Monday, June 28, 2010
Douglass F. Taber
University of Delaware
Progress in Alkene and Alkyne Metathesis: (+)-5-epi-Citreoviral (Funk) and (±)-Poitediol (Vanderwal)
The Fischer carbene 2 at 0.5 mol % gives only 12% conversion of 1 to 4 after 18 hours. Debra J. Wallace of Merck Process showed (Adv. Synth. Catal. 2009, 351, 2277. ) that addition of a catalytic amount of the inexpensive 3 activated 2, leading to 95% conversion of 1 to 4 after 18 hours. Shazia Zaman of the University of Canterbury and Andrew D. Abell of the University of Adelaide found (Tetrahedron Lett. 2009, 50, 5340. ) that the catalyst 5, incorporating a polyethylene glycol (PEG) chain, was readily recovered in active form by simple extraction, and could be re-used at least five times. Zhu Yinghuai of the Institute of Chemical and Engineering Sciences, Singapore (Adv. Synth. Catal. 2009, 351, 2650. ) and Chao Che, Zhen Yang and Biwang Jiang of Peking University (Chem. Commun. 2009, 5990. ), independently of each other, described the preparation of Ru complexes such as 5 bound to magnetic nanoparticles. The catalysts were easily recycled and reused, leaving < 4 ppm Ru in the product.
Reto Dorta of the University of Zurich reported (J. Am. Chem. Soc. 2009, 131, 9498. ) that the complex 6 (Ar = 2, 7-diisopropylnaphthyl) was a separable mixture of syn and anti isomers. The very reactive anti isomer at 50 ppm converted neat 1 into 2 in two hours at room temperature.
Richard R. Schrock of MIT devised (J. Am. Chem. Soc. 2009, 131, 10840. ) an efficient Mo catalyst for a long-sought transformation, the ethenolysis of long-chain alkenes such as 7. Robert A. Stockman of the University of Nottingham developed (Chem. Commun. 2009, 4399. ) a related Ru-catalyzed procedure, cross-metathesis ring opening with methyl acrylate 11. Amir A. Hoveyda of Boston College, a co-author on the Schrock paper, used (J. Am. Chem. Soc. 2009, 131, 10652. ) a very similar Mo catalyst for the rapid cross metathesis of an alkyne with ethene, leading after subsequent ring closing metathesis to products such as 14. Alois Fürstner of the Max-Planck-Institut, Mülheim described (J. Am. Chem. Soc. 2009, 131, 9468. ) a well-characterized Mo nitride complex that efficiently catalyzed the conversion of 15 into 16.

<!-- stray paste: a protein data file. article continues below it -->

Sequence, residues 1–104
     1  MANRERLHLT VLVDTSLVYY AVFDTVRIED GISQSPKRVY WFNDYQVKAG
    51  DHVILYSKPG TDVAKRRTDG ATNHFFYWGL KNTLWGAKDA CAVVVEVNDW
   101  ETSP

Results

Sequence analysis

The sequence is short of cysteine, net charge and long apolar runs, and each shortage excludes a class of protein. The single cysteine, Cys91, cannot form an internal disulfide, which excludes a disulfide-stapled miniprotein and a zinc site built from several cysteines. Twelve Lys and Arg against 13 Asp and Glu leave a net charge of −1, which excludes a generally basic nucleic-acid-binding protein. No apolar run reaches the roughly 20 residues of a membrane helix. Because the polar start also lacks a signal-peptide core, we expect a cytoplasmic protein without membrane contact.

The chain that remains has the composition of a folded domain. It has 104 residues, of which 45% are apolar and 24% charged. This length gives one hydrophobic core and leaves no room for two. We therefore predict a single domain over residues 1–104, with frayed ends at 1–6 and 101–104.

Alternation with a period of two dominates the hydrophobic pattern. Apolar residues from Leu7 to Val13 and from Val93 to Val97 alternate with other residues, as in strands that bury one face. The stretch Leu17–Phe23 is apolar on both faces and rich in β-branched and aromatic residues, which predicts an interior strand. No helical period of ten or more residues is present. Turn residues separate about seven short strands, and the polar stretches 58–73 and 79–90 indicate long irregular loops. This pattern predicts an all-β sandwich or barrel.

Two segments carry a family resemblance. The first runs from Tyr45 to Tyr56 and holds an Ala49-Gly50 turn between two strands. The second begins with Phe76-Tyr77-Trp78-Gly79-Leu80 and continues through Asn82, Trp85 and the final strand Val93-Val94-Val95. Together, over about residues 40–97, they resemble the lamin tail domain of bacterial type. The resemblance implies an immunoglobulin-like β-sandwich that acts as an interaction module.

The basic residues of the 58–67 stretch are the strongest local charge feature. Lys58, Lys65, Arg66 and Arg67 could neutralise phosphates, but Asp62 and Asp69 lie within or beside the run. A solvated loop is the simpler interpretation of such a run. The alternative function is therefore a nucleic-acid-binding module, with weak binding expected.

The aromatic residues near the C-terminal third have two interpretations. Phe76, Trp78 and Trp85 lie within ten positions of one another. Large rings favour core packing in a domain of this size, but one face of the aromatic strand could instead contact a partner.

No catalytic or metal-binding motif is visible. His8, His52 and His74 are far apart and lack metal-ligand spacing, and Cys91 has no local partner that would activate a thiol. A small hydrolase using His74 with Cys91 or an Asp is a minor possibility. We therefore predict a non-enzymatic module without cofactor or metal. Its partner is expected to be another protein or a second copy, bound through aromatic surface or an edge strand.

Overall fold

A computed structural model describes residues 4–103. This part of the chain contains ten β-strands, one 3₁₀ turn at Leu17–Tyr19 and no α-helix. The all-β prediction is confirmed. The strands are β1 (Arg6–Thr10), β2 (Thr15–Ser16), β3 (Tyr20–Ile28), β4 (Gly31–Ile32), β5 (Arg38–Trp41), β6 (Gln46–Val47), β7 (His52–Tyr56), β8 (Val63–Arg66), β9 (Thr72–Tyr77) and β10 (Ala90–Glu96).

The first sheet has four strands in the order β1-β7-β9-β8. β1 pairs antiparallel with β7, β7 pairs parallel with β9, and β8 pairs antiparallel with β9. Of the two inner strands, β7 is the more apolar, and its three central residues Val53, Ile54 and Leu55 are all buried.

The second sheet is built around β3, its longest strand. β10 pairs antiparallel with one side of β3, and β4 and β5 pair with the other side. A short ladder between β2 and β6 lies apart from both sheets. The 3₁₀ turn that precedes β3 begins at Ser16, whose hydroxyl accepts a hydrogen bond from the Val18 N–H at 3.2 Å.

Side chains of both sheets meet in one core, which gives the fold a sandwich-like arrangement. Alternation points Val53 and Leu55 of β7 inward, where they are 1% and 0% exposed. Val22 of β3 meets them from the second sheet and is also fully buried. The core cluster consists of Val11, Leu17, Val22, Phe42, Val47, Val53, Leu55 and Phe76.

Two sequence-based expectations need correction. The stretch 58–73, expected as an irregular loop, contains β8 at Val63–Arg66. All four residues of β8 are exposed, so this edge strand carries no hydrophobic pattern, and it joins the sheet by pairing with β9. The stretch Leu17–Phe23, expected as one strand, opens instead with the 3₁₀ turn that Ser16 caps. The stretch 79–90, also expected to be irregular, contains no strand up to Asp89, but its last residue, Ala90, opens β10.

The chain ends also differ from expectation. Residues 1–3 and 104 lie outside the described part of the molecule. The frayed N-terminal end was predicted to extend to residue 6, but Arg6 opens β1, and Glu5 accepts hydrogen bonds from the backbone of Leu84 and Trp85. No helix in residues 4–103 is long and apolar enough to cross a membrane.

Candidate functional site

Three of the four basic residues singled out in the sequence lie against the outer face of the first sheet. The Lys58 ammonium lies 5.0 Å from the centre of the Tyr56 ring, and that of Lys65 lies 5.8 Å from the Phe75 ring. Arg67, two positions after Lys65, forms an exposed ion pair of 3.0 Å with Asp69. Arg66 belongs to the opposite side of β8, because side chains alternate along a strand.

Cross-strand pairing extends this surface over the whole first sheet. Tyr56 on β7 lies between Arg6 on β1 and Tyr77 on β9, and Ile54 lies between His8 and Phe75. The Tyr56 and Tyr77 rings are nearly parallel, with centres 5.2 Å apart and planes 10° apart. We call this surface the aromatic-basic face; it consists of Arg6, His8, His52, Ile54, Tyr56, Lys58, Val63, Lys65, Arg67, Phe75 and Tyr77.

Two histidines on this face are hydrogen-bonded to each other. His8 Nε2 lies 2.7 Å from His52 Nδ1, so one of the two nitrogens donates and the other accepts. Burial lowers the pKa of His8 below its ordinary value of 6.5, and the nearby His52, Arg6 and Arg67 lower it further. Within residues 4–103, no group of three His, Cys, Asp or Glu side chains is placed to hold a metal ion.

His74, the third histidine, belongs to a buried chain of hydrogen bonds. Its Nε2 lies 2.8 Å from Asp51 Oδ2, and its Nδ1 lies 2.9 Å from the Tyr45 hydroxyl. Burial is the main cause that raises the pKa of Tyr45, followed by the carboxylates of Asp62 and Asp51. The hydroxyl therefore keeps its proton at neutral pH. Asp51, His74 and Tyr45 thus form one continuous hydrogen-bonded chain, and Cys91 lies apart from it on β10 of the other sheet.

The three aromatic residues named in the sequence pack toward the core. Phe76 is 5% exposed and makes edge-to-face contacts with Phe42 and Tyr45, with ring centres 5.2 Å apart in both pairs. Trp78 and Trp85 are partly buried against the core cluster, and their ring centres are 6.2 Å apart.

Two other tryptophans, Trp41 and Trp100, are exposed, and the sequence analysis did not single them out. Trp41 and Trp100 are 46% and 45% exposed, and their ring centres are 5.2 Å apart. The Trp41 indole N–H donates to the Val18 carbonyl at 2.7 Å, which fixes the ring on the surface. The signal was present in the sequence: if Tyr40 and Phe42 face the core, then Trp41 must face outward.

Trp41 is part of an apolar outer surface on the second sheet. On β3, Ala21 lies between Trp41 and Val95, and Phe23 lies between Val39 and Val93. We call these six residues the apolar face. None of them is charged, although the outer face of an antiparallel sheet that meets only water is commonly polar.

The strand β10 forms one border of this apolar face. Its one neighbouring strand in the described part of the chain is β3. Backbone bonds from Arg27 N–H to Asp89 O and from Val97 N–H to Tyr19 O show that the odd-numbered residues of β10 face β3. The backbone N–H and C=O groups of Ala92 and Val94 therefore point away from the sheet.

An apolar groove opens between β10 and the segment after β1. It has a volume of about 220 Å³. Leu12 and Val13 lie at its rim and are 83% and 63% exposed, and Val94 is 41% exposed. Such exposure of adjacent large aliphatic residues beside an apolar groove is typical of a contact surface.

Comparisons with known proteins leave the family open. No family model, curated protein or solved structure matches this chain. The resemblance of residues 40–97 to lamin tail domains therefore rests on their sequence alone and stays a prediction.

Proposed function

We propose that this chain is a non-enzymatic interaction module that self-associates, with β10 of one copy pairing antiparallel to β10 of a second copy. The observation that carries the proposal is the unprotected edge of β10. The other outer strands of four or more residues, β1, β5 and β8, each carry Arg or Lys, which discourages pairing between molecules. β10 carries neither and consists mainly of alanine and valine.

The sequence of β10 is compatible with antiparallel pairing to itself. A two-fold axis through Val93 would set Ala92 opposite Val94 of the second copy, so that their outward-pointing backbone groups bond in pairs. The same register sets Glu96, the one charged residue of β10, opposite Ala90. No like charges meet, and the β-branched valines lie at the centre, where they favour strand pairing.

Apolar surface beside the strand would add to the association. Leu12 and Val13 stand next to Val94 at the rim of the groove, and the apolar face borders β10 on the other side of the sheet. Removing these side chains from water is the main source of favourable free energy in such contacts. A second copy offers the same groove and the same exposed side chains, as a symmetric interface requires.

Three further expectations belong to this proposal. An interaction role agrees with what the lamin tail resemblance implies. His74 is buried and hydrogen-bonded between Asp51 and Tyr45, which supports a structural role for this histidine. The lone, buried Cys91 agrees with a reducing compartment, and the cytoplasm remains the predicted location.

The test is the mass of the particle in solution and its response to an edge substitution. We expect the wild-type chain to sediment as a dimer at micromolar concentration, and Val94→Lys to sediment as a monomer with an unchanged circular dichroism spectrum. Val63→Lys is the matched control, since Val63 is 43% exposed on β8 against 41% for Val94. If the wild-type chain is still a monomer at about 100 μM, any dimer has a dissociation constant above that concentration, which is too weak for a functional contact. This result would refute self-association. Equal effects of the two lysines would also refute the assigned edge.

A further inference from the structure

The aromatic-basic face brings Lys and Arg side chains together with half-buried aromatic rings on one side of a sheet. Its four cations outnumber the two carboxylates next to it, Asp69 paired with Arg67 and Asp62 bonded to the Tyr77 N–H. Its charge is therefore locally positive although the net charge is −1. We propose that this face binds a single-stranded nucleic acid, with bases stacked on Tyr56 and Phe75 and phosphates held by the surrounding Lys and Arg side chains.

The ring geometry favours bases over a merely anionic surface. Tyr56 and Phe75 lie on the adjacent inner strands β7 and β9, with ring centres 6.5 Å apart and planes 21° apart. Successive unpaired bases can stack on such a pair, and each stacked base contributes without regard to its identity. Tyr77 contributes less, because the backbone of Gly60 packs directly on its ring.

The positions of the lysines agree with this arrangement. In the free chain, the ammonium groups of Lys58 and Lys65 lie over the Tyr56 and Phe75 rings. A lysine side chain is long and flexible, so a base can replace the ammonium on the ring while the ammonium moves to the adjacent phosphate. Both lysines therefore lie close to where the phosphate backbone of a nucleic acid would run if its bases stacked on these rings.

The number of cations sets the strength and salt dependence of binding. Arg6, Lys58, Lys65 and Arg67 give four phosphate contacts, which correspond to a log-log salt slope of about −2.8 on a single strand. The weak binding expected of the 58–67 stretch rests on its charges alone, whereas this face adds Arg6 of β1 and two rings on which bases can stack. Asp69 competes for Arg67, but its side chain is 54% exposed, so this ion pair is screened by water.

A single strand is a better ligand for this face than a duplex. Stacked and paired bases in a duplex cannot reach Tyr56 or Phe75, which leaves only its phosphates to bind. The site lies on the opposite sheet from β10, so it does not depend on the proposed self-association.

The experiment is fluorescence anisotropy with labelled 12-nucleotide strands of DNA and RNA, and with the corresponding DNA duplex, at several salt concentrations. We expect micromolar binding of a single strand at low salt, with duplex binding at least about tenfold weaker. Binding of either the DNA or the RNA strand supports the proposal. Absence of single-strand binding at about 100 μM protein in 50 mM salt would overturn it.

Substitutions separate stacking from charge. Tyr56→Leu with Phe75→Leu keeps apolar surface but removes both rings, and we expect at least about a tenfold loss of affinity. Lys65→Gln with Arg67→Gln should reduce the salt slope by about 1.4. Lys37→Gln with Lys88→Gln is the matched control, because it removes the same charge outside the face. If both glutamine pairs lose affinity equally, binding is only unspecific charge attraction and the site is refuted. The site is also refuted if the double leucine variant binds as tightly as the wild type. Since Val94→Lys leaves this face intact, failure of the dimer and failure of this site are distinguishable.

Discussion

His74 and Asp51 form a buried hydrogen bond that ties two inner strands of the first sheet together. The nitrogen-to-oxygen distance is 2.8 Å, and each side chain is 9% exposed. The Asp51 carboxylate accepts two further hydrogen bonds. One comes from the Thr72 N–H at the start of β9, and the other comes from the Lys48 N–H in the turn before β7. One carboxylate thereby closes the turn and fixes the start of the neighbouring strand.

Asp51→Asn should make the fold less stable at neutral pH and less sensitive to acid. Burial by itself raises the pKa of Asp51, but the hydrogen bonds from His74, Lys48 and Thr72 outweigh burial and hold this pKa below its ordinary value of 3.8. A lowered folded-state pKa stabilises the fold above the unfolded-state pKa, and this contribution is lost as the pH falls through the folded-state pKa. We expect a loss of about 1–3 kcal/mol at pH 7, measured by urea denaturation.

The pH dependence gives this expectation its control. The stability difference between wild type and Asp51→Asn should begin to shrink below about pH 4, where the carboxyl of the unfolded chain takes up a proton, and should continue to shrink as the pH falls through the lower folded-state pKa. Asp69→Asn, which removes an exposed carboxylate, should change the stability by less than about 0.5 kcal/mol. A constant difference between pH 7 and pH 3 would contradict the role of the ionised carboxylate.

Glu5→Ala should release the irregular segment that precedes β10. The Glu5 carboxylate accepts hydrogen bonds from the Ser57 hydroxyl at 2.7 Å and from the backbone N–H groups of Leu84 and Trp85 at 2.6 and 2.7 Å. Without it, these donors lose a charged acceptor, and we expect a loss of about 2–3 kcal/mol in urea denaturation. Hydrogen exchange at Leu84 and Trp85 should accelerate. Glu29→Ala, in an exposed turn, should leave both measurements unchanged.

Samir Bouzbouz of the Université de Rouen and Janine Cossy of ESPCI Paris established (Org. Lett. 2009, 11, 5446. ) conditions for the metathesis of alkenes with the linchpin 18. Exposure of the crude acid chloride from 17 to a nucleophile led directly to the coupled product 19. Bernd Schmidt of the Universität Potsdam observed (J. Org. Chem. 2009, 74, 9237. ) the selective cyclization of 20 to 21. This selectivity may be due to free allylic alcohols being more reactive under metathesis conditions than are allylic ethers.
Of the many recent applications of alkene and alkyne metathesis to target-directed synthesis, two particularly stand out. Timothy W. Funk of Gettysburg College cyclized (Org. Lett. 2009, 11, 4998. ) the prochiral 22 with an enantiomerically-pure Ru complex. The high ee product 23 was carried over several steps to (+)-5-epi-citreoviral (24).
Christopher D. Vanderwal of the University of California, Irvine showed (J. Am. Chem. Soc. 2009, 131, 15090. ) that the second-generation Grubbs catalyst was competent to cyclize 25 to the trisubstituted cyclooctene 26. Face-selective epoxidation followed by desilyation completed the synthesis of (±)-poitediol (27).
D. F. Taber, Org. Chem. Highlights 2010, June 21.